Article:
Well, the passage you cite says
abdias wrote:
Sat Sep 08, 2018 2:32 pm

...Near the end of the gnostic text 'The (First) Apocalypse of James', Jesus [tells] his buddy James...in fully uncertain and fragmented terms to talk to four people (probably women) and encourage them. Their names are Salome, Mariam, Martha, and Arsinoe.

"...For you have begun to understand their roots from beginning to end. Cast away from yourself all lawlessness. And beware lest they envy you. When you speak these words of this perception, encourage these four: Salome and Mariam and Martha and Arsinoe..."
.
[edited] 'understand their roots' and 'encourage these four' seem to be key: if she is, as DCH suggests,"Arsinoe IV (died 41 BCE) a key figure in Egyptian politics, leading interests who rejected Roman intervention into their politics", then she or her followers might have been key converts, or a story about them might have been pertinent to the writer of the 'The (First) Apocalypse of James'.


This is interesting -
abdias wrote:
Sun Sep 09, 2018 10:13 am
I was wondering if this name is linked to a distinct resurrection story tradition about the women at the tomb, in which Arsinoe is one of the women. I'll be listing the various 'women at the tomb' verses here, as opposed to the Apocalypse of James:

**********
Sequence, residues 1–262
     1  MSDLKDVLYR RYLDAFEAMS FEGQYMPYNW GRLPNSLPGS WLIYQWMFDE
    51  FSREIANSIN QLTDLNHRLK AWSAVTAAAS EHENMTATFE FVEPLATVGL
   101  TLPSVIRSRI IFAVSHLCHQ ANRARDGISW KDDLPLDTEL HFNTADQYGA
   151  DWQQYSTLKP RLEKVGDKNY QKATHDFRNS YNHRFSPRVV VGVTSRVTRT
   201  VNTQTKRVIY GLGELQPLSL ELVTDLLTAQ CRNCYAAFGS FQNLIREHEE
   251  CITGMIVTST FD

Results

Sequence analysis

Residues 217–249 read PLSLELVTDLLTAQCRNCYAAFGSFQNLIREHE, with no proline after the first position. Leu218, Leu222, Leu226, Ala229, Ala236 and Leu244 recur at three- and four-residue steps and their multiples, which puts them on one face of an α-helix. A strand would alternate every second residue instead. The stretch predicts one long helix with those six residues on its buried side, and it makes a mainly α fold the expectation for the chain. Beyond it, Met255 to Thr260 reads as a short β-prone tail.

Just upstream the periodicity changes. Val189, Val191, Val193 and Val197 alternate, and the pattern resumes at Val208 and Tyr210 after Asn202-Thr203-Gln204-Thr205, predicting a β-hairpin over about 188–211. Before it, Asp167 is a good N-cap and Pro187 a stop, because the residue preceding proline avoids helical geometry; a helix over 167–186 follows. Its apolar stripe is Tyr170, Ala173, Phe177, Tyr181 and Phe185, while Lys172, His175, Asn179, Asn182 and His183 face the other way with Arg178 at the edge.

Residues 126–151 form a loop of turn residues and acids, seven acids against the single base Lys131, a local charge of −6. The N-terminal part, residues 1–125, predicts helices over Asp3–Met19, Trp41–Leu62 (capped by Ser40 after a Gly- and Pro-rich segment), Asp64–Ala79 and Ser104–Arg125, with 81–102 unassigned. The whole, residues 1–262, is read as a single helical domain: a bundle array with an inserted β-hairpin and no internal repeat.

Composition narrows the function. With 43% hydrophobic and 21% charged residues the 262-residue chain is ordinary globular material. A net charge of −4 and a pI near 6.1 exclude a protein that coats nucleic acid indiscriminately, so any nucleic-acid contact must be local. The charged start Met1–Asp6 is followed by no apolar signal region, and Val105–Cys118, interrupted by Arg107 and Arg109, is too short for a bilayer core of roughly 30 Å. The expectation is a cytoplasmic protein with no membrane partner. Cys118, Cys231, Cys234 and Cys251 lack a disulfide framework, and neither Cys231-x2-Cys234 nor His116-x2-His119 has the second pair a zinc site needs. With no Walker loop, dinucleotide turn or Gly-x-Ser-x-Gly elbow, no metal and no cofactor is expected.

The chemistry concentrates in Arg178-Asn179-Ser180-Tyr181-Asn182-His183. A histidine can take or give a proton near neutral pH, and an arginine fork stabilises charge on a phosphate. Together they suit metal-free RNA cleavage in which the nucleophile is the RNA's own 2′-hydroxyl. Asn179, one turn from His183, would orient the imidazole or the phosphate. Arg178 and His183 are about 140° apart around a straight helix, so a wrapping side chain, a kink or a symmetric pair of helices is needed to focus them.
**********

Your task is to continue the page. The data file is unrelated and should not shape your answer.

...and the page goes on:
Mark 16:1 "And when the sabbath-day was over, Mary Magdalene, and Mary the mother of James, and Salome purchased fragrant spices so that they might go and anoint him."
Apocalypse of James "...encourage these four: Salome and Mariam and Martha and Arsinoe..."

Resurrection = a new beginning?
Last edited by MrMacSon on Thu Sep 13, 2018 11:13 pm, edited 1 time in total.

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abdias
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Re: (First) Apocalypse of James & Arsinoe

Post by abdias » Sun Sep 09, 2018 2:56 pm

@MrMacSon - would this be as politically-oriented as it is theological, then? Her refusal to let Romans rule her country was used in a Gnostic sense (she refused the Demiurge in and retained her country's gnosis. I mean, Egypt usually seems to be significant in some form to Gnostic groups.

The ties to the resurrection of Jesus/women at the tomb episode were made by me, since at least Salome is a constant in the synoptic retellings of the story. The idea that this line from the Apocalypse of James somehow preserves a now largely-lost resurrection story is completely my own, and might just be some quibbling.